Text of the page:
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I know that integer division will always return the same answer as truncation of a floating point result if the numbers are both positive. Is it true if one or both of them are negative?

I was just curious to know if there was an integer division expression that would return the same results in Python 2 and Python 3 (and yes, I know about from __future__ import division).

P.S. Let's ignore floating point overflow for the moment.

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" an integer division expression that would return the same results in Python 2 and Python 3" Come again? –  NullUserException Oct 11 '12 at 16:02
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@NullUserException, in Python 3 if you use / to divide two integers you will get a floating point result. This is a huge change from Python 2. // is now necessary to get the old behavior. –  Mark Ransom Oct 11 '12 at 16:06
    
I still dont understand why they auto upcast to a float .... seems silly to me... I mean int/int = int is a core tenet of CS ... –  Joran Beasley Oct 11 '12 at 16:10
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@JoranBeasley Rationale here: docs.python.org/release/2.2.3/whatsnew/node7.html –  NullUserException Oct 11 '12 at 16:11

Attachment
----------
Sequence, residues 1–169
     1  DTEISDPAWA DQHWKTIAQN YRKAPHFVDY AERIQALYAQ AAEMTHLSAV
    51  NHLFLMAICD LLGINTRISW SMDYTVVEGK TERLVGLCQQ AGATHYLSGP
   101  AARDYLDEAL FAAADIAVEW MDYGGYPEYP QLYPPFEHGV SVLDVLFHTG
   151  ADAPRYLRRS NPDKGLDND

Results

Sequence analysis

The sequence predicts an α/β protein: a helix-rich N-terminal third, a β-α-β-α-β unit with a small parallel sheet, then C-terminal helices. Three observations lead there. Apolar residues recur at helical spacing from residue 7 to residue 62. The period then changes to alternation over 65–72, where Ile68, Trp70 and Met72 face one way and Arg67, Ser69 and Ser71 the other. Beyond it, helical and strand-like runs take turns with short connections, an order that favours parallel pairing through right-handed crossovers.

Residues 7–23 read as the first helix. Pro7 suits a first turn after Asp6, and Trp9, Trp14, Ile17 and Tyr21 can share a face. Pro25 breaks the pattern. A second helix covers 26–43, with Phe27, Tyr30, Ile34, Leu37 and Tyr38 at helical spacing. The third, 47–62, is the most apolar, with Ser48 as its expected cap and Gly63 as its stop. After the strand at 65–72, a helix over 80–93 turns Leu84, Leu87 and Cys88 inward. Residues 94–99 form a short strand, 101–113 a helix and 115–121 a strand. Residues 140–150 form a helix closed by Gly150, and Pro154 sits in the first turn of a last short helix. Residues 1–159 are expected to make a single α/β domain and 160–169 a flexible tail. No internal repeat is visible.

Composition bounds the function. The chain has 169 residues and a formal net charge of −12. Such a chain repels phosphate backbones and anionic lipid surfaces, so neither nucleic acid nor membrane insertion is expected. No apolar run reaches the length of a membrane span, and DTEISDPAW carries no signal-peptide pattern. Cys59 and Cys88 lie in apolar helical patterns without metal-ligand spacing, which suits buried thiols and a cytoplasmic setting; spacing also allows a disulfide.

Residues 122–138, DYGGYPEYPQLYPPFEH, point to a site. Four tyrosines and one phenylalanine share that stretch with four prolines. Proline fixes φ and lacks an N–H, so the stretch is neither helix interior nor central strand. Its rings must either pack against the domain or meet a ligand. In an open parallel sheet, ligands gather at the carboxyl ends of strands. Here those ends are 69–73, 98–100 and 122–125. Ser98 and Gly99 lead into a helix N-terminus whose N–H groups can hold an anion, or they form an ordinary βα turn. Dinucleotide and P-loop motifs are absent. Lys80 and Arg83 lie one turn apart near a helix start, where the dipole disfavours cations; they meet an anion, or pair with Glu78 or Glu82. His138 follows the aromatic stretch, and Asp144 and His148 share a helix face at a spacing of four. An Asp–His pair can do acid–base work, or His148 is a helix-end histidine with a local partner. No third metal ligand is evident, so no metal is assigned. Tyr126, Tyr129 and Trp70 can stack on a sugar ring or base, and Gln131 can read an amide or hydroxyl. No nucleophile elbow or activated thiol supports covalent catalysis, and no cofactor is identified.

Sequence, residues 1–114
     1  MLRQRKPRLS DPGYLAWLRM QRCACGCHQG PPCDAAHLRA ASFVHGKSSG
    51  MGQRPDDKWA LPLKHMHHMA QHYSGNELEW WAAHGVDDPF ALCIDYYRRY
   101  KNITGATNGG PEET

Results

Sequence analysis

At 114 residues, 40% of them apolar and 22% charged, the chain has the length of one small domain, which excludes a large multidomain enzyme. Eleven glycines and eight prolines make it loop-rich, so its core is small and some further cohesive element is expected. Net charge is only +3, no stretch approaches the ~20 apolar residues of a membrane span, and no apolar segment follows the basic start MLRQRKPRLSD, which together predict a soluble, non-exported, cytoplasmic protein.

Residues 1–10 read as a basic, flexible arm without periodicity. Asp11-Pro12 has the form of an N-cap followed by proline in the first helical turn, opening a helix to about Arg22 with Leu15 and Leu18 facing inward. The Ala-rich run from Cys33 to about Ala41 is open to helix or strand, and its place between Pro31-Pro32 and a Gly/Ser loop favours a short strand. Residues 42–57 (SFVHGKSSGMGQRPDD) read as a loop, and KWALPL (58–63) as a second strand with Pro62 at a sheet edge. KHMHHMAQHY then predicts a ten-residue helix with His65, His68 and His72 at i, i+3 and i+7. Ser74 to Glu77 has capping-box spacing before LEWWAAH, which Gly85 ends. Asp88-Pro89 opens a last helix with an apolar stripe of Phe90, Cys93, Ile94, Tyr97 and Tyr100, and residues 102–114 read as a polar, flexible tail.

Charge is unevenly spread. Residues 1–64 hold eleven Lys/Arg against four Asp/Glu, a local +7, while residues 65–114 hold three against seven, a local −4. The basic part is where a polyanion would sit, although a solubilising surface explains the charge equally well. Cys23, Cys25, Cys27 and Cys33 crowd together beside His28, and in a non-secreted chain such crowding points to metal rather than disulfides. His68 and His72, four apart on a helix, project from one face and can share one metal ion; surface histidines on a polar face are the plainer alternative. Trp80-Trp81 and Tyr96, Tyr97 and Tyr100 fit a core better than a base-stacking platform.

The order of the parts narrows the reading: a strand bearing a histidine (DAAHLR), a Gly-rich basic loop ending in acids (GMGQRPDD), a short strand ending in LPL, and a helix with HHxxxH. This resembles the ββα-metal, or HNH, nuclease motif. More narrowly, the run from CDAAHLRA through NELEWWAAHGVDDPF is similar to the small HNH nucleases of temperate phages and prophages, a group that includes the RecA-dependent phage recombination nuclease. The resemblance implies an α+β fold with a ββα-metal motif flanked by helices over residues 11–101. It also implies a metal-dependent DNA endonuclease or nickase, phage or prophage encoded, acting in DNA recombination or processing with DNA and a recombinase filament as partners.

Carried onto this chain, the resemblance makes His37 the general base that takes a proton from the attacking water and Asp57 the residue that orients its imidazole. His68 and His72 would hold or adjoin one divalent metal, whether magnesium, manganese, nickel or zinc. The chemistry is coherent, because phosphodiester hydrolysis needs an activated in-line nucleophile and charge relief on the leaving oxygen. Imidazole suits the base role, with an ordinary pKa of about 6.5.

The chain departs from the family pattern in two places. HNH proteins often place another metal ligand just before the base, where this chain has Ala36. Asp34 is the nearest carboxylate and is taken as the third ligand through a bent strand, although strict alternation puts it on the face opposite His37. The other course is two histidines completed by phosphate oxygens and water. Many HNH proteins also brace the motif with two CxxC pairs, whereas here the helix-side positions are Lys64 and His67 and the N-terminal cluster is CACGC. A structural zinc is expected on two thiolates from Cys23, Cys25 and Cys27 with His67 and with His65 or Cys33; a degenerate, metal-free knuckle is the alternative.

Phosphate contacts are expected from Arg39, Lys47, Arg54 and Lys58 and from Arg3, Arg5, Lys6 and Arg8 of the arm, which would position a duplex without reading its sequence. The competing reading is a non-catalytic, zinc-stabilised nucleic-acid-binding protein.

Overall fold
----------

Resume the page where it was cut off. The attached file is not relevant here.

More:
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@JoranBeasley: you really think that in a duck-typed language you shouldn't just be able to treat a number as a number and assume / does actual division just because C is statically typed? Integer division is hardly a "core tenet of CS". –  Wooble Oct 11 '12 at 16:58

1 Answer 1

up vote 8 down vote accepted

It is not true in Python 3, and you can test it for yourself:

>>> int(-1/3) == -1//3
False

Integer division and modulo of a and b giving q (quotient) and r (remainder) respectively will always return numbers that satisfy b*q + r == a and (a*b)>0 == q>0 (i.e. a*b and q have the same sign) and abs(r) < abs(q). The expression int(q) simply always rounds towards 0 if q is a floating point number.

It will always be true for Python 2 unless you do from __future__ import division, but that's because a/b == a//b if a and b are integers in Python 2.

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>>> int(-1/3) == -1//3 ->` True` I got that they were true when I tried it in py26 ... –  Joran Beasley Oct 11 '12 at 16:07
    
@JoranBeasley - That's because in Python 2.6 a/b == a//b if a and b are integers. –  Omnifarious Oct 11 '12 at 16:09
    
@JoranBeasley Because in Python 2, / with two integer operands does precisely what // does. We're talking about Python 3 (compatibility) here, and in Python 3 they differ. –  delnan Oct 11 '12 at 16:09
    
yeah ok I understand now sorry :P –  Joran Beasley Oct 11 '12 at 16:11
    
on a side note in 26 I get they are the same even if I do from __future__ import division ... –  Joran Beasley Oct 11 '12 at 16:14

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